Targeting the 'clock gene' in obesity to slow triple-negative breast cancer

Clock
The loss of a protein made by a "clock gene" that's involved in the body's circadian rhythms has been associated with breast cancer progression. (Jan Vašek/Pixabay)

Metabolic disorders such as obesity and prediabetes are known to be linked with a higher risk of breast cancer, though scientists have struggled to explain the correlation. Now, scientists at City of Hope believe they’ve uncovered an important insight about the relationship between obesity and breast cancer risk that could point to new prevention strategies and maybe even drug targets.

The City of Hope team established a link between the “clock gene” BMAL1 and tumor suppression. Specifically, prediabetic and obese mice that lacked the BMAL1 protein suffered from accelerated breast tumor growth and metastasis at a rate that was faster than what was seen in their lean counterparts, the researchers reported in the journal iScience.

BMAL1 is referred to as a clock gene because it is involved in maintaining the body’s circadian rhythms. The City of Hope team believes their discovery shows that a loss of the BMAL1 protein in obesity gives breast cancer a “competitive edge,” said senior author David Ann, Ph.D., chair of the graduate school of biological sciences at City of Hope, in a statement.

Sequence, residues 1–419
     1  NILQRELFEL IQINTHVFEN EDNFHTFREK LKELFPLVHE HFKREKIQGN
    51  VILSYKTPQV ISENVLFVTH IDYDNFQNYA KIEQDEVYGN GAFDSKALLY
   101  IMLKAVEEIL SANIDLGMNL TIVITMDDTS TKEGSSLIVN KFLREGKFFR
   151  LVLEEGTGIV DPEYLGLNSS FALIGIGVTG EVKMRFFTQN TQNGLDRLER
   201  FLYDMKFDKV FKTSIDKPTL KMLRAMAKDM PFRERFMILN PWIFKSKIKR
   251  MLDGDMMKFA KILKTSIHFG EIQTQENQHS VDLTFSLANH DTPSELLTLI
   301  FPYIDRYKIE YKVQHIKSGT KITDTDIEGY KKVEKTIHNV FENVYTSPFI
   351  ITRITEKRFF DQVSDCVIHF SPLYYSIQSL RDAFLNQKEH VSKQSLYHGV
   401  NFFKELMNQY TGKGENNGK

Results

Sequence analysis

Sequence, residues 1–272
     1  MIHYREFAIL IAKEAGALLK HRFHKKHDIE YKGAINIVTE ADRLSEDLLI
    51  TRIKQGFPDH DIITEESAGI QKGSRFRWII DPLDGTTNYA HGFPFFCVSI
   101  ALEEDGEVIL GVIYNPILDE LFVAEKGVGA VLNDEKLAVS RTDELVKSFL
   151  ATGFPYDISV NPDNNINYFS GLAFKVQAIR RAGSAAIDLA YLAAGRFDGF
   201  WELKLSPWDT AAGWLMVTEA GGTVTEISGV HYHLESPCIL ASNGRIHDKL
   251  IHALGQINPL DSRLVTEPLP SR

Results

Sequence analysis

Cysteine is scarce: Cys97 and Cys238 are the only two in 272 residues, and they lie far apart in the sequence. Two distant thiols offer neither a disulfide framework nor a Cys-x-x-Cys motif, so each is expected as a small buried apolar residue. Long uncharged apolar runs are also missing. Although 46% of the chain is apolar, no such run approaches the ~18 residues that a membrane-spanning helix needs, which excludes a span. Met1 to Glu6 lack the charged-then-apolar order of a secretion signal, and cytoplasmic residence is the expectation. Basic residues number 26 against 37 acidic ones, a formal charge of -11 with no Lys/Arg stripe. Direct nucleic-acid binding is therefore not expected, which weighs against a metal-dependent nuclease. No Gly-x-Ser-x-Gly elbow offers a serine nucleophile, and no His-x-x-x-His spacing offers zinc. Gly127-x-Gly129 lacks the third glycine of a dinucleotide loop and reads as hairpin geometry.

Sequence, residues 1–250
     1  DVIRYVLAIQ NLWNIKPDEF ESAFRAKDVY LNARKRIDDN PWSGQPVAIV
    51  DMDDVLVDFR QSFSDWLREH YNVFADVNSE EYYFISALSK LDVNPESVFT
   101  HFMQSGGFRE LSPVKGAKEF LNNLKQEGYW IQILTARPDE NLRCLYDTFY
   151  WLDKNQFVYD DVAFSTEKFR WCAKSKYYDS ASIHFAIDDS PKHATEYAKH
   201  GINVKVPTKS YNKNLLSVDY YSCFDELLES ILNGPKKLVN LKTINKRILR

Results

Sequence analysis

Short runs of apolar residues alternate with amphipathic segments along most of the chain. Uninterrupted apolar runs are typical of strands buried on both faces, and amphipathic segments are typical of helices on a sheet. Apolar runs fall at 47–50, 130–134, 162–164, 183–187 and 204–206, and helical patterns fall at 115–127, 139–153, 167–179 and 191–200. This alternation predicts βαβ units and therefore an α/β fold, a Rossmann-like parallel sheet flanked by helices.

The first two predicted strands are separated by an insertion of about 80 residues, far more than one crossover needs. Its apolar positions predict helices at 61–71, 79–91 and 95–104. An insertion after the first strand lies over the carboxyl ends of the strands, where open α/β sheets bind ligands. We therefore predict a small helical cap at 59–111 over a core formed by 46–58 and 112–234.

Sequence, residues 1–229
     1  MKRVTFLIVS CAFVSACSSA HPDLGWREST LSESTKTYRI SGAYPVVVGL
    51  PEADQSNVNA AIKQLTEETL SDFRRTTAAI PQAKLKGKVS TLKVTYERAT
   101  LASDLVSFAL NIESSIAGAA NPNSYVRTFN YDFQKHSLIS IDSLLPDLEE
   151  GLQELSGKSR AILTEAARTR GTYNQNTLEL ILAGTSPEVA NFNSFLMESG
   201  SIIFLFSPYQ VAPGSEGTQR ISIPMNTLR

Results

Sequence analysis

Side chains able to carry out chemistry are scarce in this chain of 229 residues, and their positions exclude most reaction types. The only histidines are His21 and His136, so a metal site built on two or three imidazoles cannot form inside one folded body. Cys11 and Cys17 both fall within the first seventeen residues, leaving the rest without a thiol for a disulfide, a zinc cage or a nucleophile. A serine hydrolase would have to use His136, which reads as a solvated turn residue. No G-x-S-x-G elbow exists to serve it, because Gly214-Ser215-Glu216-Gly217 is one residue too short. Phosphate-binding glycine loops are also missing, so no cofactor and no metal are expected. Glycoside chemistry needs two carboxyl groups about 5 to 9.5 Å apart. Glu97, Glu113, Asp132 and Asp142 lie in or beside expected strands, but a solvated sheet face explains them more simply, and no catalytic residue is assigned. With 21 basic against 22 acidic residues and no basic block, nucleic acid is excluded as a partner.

The mouse studies showed that BMAL1 prevents the progression of triple-negative breast cancer in a few different ways. Not only does it maintain proper circadian rhythms, it also suppresses inflammation in the context of obesity, the City of Hope team reported.

The search for effective treatments for triple-negative breast cancer has been plagued by disappointments. Immunomedics, for example, recently returned to the FDA seeking approval for its antibody-drug conjugate IMMU-132, which the agency initially rejected as a third-line treatment for triple-negative breast cancer.

There are several early-stage programs examining novel modes of attacking triple-negative breast cancer. The Institute of Cancer Research in London is combining chemotherapy with a drug from Boston Pharmaceuticals that causes cancer cells to divide too rapidly, making them vulnerable to fatal copying errors. And several research institutions are using the gene editing system CRISPR to treat breast tumors, including Boston Children's Hospital and Yale University.

The City of Hope researchers are planning further studies examining how the clock gene influences other cancers that affect prediabetic, obese people. Meanwhile, they said, oncologists should advise overweight patients to improve their dietary habits and try exercising—both of which can increase levels of BMAL1.

“This finding brings us one small step closer to the ability to provide more personalized breast cancer care based on an individual's genetics and lifestyle choices," Ann said.

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